An incline which starts from the circular alley of the lighthouse, and reaches the bank of the Seine, connects the Park of the Universal Exhibition with the quays of arrival of the steamships.
As nothing is useless at an Exhibition, care was taken to use the bridge, which does not interrupt traffic on the Quai d'Orsay, for the special exhibition of a new system.
We are a long way from the primitive footbridges made of a tree trunk thrown over a river; and if the construction of bridges has made immense progress in recent times, either from the mechanical point of view or from the point of view of economy, it is to the multiplication of railways that we owe the achievement.
The heaviest loads, the most daring arches, the greatest distances, are supported, thrown, crossed, with an ease which astonishes our mind if only observation and calculation make us meditate for a moment on the difficulties to be overcome. The gigantic strides of these metallic arches thrown over space, with a boldness that must not exclude solidity, form a whole scientific poem whose solution belongs to engineers and builders.
It is impossible to imagine the precautions and prudence that govern the experiments to which a newly built bridge is subjected.
When the Quai d'Orsay bridge was completed, the engineers of the Ponts et Chaussées, Messrs Buffet and Foulard, with the assistance of Mr Cheysson, themselves presided over the following experiments: A first load of 500 kilograms per square metre of the deck forming the surface of the bridge was imposed; this constituted a total weight of 200,000 kilograms.
The calculations predicted a regular and predictable deflection, and the experiment justified the predictions.
After this first test, two single-axle cars with a load of 12,000 kilograms and five horses were driven over the bridge.
No deformation occurred. The bridge was crossed abreast, in the opposite direction, crosswise and in a straight line, by this same team, and the thirty devices placed to measure the lowering and raising of the bridge did not indicate a variation of more than seven millimetres at each of the points observed.
Everything was favourable to solidity, and from that moment on the bridge was given over to the circulation of cars of all loads and all types of carriages.
These kinds of experiments have something solemn about them, when one thinks that on their deductions depends the life of a certain number of men who will cross this daily crowded passage, and one cannot help admiring without reserve, the intelligent solicitude which watches over the safety of public roads in the name of science.
It is not enough to build a bridge in the desirable conditions of permanence and solidity; the multiplication of transport routes, and the enormous expenses with which they burden the budgets of companies, cities, and States, demanded an economic solution of indisputable importance.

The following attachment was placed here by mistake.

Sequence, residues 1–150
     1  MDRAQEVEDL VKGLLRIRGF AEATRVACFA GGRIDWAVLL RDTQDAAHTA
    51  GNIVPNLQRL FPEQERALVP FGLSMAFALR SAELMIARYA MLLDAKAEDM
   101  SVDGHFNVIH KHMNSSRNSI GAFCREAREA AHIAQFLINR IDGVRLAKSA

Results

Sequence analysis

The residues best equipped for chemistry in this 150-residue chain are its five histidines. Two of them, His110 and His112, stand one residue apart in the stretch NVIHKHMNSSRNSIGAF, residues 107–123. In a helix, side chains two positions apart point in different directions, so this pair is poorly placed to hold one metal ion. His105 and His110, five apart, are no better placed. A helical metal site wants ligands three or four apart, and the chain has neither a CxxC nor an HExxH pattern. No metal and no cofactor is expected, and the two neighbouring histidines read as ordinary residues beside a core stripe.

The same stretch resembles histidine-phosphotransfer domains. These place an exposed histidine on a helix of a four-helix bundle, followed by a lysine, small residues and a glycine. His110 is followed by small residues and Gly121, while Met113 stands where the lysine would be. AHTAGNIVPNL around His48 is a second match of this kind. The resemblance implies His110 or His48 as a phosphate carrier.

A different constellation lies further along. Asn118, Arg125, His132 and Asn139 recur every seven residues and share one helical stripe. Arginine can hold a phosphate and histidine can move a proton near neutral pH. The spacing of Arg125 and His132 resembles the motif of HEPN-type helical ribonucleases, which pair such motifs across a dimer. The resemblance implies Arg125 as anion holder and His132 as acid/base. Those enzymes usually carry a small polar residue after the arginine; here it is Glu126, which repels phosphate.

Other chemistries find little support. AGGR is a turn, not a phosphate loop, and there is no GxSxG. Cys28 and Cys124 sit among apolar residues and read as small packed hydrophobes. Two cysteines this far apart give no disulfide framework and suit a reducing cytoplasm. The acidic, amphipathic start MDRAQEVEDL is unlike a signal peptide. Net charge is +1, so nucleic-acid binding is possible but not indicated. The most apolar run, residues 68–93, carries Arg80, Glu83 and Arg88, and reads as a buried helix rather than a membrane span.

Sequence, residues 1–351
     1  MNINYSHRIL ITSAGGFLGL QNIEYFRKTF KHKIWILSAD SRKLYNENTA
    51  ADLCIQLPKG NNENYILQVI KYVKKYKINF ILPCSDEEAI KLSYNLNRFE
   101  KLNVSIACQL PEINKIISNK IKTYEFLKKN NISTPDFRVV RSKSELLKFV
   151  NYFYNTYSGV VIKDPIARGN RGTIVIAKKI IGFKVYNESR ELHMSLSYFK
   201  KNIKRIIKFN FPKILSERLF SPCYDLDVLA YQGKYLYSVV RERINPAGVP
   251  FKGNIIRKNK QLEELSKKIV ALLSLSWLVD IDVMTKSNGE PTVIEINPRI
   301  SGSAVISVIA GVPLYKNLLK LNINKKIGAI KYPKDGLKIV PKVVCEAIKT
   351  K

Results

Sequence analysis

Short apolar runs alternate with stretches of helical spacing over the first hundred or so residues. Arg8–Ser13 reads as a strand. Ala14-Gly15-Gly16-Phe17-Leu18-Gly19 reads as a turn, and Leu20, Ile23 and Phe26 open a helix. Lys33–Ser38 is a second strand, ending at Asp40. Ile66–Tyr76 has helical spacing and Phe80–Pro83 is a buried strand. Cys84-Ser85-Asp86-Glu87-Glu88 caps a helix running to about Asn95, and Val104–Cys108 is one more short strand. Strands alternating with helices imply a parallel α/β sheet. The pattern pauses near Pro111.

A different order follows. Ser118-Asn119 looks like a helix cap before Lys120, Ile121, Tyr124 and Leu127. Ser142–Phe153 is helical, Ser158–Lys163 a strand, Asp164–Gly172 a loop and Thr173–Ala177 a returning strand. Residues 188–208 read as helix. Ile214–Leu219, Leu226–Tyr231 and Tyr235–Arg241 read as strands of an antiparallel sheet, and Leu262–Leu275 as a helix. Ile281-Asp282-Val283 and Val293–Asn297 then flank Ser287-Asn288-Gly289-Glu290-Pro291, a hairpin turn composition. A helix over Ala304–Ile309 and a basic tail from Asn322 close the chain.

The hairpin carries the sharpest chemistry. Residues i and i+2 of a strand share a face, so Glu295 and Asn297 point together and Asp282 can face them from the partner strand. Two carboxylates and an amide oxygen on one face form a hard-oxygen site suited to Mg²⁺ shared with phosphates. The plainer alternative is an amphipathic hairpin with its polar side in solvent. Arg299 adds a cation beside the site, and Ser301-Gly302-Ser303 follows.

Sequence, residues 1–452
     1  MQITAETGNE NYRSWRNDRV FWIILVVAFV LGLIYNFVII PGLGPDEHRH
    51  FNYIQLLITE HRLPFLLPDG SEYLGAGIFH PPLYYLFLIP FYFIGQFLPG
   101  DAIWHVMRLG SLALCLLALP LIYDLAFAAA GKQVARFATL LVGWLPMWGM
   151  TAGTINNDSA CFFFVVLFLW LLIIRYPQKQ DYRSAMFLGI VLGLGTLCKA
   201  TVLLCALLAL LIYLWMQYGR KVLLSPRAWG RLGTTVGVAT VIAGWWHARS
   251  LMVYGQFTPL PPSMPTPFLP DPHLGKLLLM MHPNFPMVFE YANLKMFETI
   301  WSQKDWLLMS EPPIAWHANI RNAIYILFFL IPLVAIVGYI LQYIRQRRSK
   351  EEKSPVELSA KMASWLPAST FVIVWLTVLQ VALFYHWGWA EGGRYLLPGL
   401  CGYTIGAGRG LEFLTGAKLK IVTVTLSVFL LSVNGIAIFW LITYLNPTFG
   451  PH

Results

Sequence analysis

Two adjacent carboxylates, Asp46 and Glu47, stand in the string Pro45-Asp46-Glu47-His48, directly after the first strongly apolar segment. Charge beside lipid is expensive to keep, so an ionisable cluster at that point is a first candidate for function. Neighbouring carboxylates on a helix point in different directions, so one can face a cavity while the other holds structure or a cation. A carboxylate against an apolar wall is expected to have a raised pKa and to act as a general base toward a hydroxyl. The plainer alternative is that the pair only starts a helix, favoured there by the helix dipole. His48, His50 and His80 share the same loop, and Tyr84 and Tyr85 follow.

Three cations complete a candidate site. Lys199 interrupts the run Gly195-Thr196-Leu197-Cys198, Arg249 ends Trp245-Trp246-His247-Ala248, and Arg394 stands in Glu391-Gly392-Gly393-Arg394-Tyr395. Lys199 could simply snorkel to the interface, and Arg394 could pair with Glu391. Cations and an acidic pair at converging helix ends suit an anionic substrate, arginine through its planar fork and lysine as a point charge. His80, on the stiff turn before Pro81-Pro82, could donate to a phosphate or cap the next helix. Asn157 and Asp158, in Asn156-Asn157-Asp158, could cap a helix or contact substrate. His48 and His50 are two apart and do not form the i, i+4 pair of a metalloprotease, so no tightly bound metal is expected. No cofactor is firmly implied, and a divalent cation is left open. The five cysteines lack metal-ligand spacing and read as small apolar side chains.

Here we enter into the details of the special merits of the exposed bridge.
Cast iron and iron have hitherto been used almost alone, either in competition with stone or in competition with wood, to build bridges for different purposes.
A new metal is being used here for the first time: Bessmer steel.
The use of this metal has a higher safety factor than iron and cast iron. The ratio between the breaking loads of these two metals is as high as six to ten; long-span structures are therefore possible, and the reduction or elimination of support points in the middle of the obstacles to be crossed is already a significant saving.
The span of the exposed bridge is 25 metres over a width of 21 metres between railings.
All the truss arches are made of Bessmer metal; the bridge itself is made of the arch type with lattice spandrels, which have considerable advantages from a construction point of view.
They provide the possibility of distributing the load due to the deck on all points of the span arches with proportional and mathematical equality. One does not need to be an engineer to understand that the weight of a load, concentrated by a constructional defect on any one point, presents a serious danger, whereas a distribution on all the supporting points reduces the general weight and divides the effects of deflection.
In mechanics as in politics, the motto adopted by Catherine of Russia is true: Divide ut impera: Divide if you want to win.
Simplifying the construction elements, and reducing the loads to a span of proven solidity guaranteed by the nature of the metal itself, in addition to obtaining a notable economy in the execution, such is the intrinsic merit of the Quai d'Orsay bridge.
Science in positive calculations always aims more at the useful than the pleasant. For us, who would like art to be fraternally and in all circumstances allied to science, we have examined this bridge, whose mechanical qualities are now known to us, from the point of view of form.
We would perhaps have wished that the monotony of the straight line which exclusively composes the top of the triangles with curvilinear bases situated on the vertical facades of the right and left of the bridge, had been broken up a little by some ornaments, intended to render its general aspect less severe and less acute to the eye.
However, the latticed spandrels are less harsh in design than some of the fittings used, for example the T-irons, and in the end give an almost original character to the whole construction itself. Finally, if the artistic charm is not the dominant point of this remarkable bridge, we hasten to add that its serious and practical qualities have earned it our full attention and that we make it our duty to acknowledge them by pointing them out.
©L'Exposition Universelle de 1867 Illustrée